So Tom, you didn't really have that far to go. You decided to move from New Jersey and make Maine your home. Cherie also came through New Jersey, but prior to that was from Mumbai, India, and came to Maine in 2007 to start this food blog, and now a line of sauces.

Scott: Mumbai to Maine is Maine's first Indian culinary brand. And it is really exciting to be able to even say that, because, you know, truly when I first got here in 2007, much like Tom, I felt very much alone, in a very embracing and kind and welcoming state of Maine. But again, I really didn't see anyone that looked like me, that was Indian around me. And so I felt like I needed to create my own sense of community here in Boothbay. And so this led to this aching nostalgia for Indian food and helping me feel rooted and connected back to where I came from. And I felt that Maine's entrepreneurial spirit and ethos was so strong. And this state is just, it's just buzzing with innovators and people who feel inspired to make things.

It's been a tough couple of years with a lot of difficult news and, of course, the pandemic and calls for racial justice. It's been a difficult news cycle. There's been a lot of talk about whether the American dream is a thing of the past. And I'm just wondering, how do you feel about it?

Douglas: Yeah, so first of all, let me just say that I'm on sure Cherie's website right now. And I'm totally going to order some of that saag sauce when we get off. Yeah, in terms of the American dream and optimism, I think at times, it can be hard. I think sometimes the news and sort of the gestalt, if you will, of being a minority here in the United States, depending on what's going on, can be really oppressive. It can be oppressive in Maine from time to time, depending on what's going on. You know, my example has been if you work hard, and if you maintain a certain can-do, optimistic attitude, I think the American dream, to a certain extent, is available for most folks, regardless of where you're from, or what you look like.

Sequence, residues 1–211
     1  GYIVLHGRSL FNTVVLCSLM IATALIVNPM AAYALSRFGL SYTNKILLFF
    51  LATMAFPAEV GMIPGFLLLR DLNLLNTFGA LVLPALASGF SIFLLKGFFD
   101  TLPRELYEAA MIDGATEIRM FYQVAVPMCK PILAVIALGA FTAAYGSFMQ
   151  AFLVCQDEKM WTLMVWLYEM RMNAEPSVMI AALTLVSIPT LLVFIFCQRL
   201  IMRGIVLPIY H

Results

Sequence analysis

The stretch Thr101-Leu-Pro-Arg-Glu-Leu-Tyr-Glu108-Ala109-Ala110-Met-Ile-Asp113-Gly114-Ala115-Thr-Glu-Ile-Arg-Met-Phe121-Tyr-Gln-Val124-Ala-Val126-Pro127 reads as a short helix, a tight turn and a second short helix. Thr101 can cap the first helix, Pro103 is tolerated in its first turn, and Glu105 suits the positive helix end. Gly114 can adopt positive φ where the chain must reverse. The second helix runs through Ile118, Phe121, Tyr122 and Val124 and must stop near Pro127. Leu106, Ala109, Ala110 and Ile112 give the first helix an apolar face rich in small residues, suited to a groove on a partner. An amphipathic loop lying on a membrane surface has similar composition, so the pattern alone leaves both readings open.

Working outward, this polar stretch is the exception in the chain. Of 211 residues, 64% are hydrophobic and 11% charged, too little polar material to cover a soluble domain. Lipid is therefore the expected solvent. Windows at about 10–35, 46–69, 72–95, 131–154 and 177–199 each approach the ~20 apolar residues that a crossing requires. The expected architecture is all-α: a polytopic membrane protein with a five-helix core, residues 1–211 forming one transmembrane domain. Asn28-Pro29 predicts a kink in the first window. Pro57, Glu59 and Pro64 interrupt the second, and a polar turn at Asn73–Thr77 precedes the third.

Scott: Absolutely. You know, when I left Mumbai 25 years ago, Jennifer, I never dreamed or imagined that Maine would one day be my home. This is a dream come true. So yes, does the American dream exist? It does. And you know, I understand that, you know, yes, Maine is 200 shades of white and it needs more color. But you know, I also believe that we need to take accountability and responsibility as diverse business owners to share our voices. You know, sometimes you have to be the change that you want to see.

And what about you, Con? What did you learn about I suppose the American dream or what did you learn in making this show?

Fullam: Less learning and more just revelation. Not just culturally but economically as well. And really, how desperately we need these people to come to Maine. Maine is me, old white guy. And that not a terrific future. So I guess really, what I hope this show accomplishes is to show the state of Maine just how very important all of these folks are to the future of the state.